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CNC Guide

A guide to using the Shopbot CNC machine in MAKE ll at Library 21c

Working With Text

Text can easily be added to a project creating a text box, which will allow you to set the font, size, formatting, etc. Text boxes can be quickly edited to change the font, characters, or formatting at a later point without having to recreate it from scratch. To create a text box, select either Create Text or Auto Layout Text . The most important difference between the two types of text is that Auto Layout Text creates a bounding box that will resize the text as needed in order to ensure that the entire text will fit inside the box without being skewed. If you select a closed vector shape before selecting Auto Layout Text, the bounding box will be the size of that vector. This is useful if you want to ensure that text will fit inside another shape that is being cut out.

From here, you can set the font, size, and alignment, as well as several other options.

  • Text: The actual text to be displayed. If you need a larger area to put in text click "Larger Edit...".
  • Font: The font to be used, which will show a preview of what each font looks like next to the name.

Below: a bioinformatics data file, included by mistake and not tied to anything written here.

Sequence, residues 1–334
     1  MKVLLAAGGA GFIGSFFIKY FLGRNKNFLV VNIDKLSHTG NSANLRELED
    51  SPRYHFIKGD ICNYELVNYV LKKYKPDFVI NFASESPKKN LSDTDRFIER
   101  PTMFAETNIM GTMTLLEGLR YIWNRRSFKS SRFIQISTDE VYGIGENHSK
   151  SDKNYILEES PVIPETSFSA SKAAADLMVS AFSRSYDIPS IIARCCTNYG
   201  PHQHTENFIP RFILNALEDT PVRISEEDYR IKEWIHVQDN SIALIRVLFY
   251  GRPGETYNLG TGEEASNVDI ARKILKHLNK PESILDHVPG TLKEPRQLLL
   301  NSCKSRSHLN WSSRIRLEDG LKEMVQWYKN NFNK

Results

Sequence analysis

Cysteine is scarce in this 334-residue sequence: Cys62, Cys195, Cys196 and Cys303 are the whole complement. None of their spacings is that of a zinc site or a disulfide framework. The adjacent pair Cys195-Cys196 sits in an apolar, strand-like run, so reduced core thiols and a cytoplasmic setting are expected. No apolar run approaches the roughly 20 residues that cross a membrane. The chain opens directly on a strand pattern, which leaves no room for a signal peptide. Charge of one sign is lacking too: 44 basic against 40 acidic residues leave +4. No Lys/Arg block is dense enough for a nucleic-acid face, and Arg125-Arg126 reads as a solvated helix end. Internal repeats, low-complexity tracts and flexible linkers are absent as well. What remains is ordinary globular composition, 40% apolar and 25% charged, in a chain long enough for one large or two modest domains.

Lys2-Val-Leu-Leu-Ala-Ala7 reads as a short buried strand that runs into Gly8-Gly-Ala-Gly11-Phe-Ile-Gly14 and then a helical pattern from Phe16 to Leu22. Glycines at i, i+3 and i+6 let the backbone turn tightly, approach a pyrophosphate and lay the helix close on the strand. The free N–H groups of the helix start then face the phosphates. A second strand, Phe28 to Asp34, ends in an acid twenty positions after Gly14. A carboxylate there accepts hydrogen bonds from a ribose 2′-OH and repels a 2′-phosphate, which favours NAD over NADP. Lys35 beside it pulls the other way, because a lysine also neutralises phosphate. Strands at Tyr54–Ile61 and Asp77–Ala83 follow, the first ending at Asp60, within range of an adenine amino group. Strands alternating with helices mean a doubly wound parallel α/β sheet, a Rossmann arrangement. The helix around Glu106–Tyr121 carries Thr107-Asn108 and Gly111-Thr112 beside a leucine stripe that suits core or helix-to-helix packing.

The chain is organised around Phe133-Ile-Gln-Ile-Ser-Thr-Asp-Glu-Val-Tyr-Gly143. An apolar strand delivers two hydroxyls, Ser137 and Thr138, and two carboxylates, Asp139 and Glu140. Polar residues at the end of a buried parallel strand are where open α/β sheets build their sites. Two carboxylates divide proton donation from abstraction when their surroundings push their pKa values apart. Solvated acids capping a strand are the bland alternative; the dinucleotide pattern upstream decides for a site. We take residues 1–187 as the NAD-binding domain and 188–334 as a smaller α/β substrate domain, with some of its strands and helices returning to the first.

• Bold/Italic: Stylizes the text. Some fonts do not noticeably change when bolded or italicized.
  • Text Alignment: If the text spans multiple lines, this will align the different lines. Additionally, for Create Text, this moves the anchor point along the bottom of the box to the left, center, or right.

Create Text options

  • Text Height: The height of the text; the width will be adjusted automatically.
  • Anchor: The exact position of the anchor point on the workspace.

Auto Layout Text options

  • Bounding Box Dimensions: The exact size of the bounding box. The text will automatically be resized to fit within the box.
  • Margin Size: Creates a 0%, 10%, or 20% margin between the text and box edge. Adjusting this will resize the text, not the bounding box.
  • Vertical Stretch: Can either skew the characters or increase the line spacing to make the text fit to the top and bottom of the box. This is generally only noticeable when the text box is disproportionately taller than it is wide.
  • Horizontal Stretch: Can skew the characters or increase the spacing between words or characters (kerning) to make the text fit to the left and right edges of the box. This is generally only noticeable when the text box is disproportionately wider than it is tall.


Choosing The Right Font

When selecting a font, it is important to use one that works well with the router bits. Since router bits are relatively thick compared to a pen or laser, it is important to use a font that can be carved properly. Thin serifs and other stylistic lines often will not work because even a small bit is too wide to fit in a narrow space. The larger the text, the more room a bit has to move, however you will need to check the preview after creating a toolpath to ensure that it will cut enough out to be legible. Thicker, sans-serif fonts generally work better as there are fewer thin areas to work around.